A seasonal forecasting approach to predict the number of warm and heavy rain days tailored to aquaculture for two locations in Bangladesh is also in development. This approach is essential because seasonal forecasts can provide crucial information for aquaculture operations to manage climate risks such as when to start pond preparation, what is the optimal production volume and when to harvest thus, reducing loss and damage, and increasing profits.

Enhancing capacity to respond to climate-induced variability and disaster risks

A training dialogue on Climate Information Services for Aquaculture in Bangladesh has shown immense potential in enhancing climate risk management. Photo by Jacquelyn Elise Turner.
A training dialogue on Climate Information Services for Aquaculture in Bangladesh has shown immense potential in enhancing climate risk management. Photo by Jacquelyn Elise Turner.

Aquatic food producers’ ability to predict climate risks using climate information services should be supplemented with enhancing their capacity to respond or minimiseclimate-induced variability and disaster risks.

training dialogue in Bangladesh has shown immense potential in enhancing climate risk management. During the training, farmers and their support agents were taught how to manage a damaging situation manifested by increased temperatures such as adding agricultural lime to balance water acidity, using aerators to increase dissolved oxygen in ponds and reducing feeds so as not to further increase the high levels of harmful ammonia.

A farmer from Khulna, Bangladesh who was introduced to CIS had related how he had prepared for the incoming Cyclone Bulbul by actively seeking updates from the Bangladesh Meteorological Department. By applying the knowledge he had gained from CIS trainings, he was able to weather the storm with minimal negative impacts although the tropical cyclone was one of the most devastating in Bangladesh history.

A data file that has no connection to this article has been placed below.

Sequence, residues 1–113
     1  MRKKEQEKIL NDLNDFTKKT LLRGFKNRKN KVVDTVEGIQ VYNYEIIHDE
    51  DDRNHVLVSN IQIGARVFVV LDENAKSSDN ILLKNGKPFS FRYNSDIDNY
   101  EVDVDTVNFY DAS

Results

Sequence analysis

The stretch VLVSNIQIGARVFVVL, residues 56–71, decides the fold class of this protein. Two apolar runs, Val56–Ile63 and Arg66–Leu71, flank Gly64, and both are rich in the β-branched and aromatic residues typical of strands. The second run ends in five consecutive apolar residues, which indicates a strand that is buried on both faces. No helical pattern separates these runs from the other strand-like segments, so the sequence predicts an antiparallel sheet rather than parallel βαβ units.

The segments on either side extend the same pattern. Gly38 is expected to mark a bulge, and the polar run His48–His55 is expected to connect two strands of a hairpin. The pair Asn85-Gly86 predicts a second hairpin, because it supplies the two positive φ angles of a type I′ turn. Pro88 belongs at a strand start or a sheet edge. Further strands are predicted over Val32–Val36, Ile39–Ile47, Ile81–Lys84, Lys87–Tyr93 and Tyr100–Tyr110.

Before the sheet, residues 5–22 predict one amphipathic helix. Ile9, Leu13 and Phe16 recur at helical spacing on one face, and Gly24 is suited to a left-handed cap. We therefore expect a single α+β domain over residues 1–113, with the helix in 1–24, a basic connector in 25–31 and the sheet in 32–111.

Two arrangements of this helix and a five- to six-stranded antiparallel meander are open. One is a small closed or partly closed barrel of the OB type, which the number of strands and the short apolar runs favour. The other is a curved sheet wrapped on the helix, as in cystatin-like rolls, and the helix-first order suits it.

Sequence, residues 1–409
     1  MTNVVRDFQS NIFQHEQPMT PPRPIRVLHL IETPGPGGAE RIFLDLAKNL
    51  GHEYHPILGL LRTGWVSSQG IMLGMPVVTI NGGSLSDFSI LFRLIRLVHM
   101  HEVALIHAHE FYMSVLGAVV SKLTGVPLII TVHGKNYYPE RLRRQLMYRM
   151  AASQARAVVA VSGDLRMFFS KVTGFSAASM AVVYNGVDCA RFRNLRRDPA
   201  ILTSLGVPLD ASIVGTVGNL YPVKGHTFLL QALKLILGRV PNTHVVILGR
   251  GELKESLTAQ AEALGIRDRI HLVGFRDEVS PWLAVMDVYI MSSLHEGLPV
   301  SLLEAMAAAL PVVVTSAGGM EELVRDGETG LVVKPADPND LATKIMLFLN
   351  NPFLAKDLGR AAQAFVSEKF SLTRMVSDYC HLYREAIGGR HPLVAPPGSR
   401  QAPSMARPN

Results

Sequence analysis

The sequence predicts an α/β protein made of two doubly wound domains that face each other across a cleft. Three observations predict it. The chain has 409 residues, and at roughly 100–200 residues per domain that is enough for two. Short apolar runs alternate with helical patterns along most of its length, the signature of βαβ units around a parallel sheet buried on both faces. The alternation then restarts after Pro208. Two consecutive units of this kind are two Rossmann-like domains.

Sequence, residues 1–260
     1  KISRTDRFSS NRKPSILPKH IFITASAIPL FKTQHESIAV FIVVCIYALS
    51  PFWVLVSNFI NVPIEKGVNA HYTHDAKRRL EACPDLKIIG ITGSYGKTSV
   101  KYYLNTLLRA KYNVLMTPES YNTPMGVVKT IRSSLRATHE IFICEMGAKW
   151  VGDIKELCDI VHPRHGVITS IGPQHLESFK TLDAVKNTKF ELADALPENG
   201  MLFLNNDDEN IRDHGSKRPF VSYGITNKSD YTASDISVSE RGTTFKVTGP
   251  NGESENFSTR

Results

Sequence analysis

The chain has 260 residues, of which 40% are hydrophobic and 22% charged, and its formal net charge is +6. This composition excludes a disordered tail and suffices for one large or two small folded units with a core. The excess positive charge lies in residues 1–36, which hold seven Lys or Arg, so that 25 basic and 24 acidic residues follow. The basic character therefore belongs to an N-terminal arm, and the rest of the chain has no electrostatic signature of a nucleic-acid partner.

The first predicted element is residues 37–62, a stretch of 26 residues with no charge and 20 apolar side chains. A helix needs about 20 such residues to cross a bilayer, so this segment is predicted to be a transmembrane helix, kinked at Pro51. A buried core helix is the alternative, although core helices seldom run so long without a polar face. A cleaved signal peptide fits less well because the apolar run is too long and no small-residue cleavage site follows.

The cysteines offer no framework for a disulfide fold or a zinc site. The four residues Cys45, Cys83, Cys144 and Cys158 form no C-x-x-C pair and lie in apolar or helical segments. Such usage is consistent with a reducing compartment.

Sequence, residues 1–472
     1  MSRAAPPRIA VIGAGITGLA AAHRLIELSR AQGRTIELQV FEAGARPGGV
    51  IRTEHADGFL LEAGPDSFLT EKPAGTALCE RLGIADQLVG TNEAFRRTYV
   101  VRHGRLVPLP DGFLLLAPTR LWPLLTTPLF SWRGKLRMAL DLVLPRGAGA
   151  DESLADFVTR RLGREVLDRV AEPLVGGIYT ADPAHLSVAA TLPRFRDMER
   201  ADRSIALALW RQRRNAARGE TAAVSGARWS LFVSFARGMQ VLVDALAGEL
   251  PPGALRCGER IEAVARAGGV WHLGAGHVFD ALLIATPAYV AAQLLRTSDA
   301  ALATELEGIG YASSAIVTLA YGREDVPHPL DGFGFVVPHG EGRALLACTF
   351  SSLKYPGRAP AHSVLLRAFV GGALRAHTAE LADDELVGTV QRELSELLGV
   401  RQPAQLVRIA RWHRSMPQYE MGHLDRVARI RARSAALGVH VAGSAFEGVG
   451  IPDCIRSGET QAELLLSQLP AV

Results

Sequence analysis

This dialogue has created the momentum on the urgency of capacity development for aquatic food producers and their support agents in understanding and using climate risk information at scale.

Gaps in climate information services and possible ways to bridge that gap

Although digital transformation has changed global economies for different food production systems, its application in small-scale aquatic food production systems is limited. Recent advances in CIS have come about not necessarily from the discovery of new science but from advances in affordable information and communication technologies (ICT) that allow us to use scientific findings at the end user level. This has enabled research to have an impact on development.

From the experiences in Bangladesh and India, one of the major barriers to promoting wide use of CISis the lack of integration among information producers, service providers and end users. In addition, public private partnership to sustain the services and capacity building initiatives is lacking. ICT infrastructure required for generating robust climate information, efficient communication platforms that are essential for dissemination and finally, knowledge on how to package the information so they are ready to use, allrequire more attention.

A considerable infusion of knowledge, innovation and continuous investment (financial mechanisms)is critical to enhance access to CIS for reducing climate risks by transforming aquatic food systems.

Way forward

Aquatic food producers’ ability to predict climate risks using climate information services should be supplemented with enhancing their capacity to respond or minimise climate-induced variability and disaster risks. Photo by Jacquelyn Elise Turner.
Aquatic food producers’ ability to predict climate risks using climate information services should be supplemented with enhancing their capacity to respond or minimise climate-induced variability and disaster risks. Photo by Jacquelyn Elise Turner.

Ensuring climate smartness, especially higher production and resilience in aquaculture systems by enhancing CIS, is of critical value to reduce climate risks and thus, to reach the broader goals of ensuring livelihoods as well as food and nutrition security for vulnerable countries and communities.

In a nutshell, we must act urgently based on the scientific evidence to respond to the ongoing climate crisis in our endeavor towards a climate resilient and a food and nutrition secure world; and CIS can play a critical role to achieving this.

Peerzadi Rumana Hossain

Post Doctoral Fellow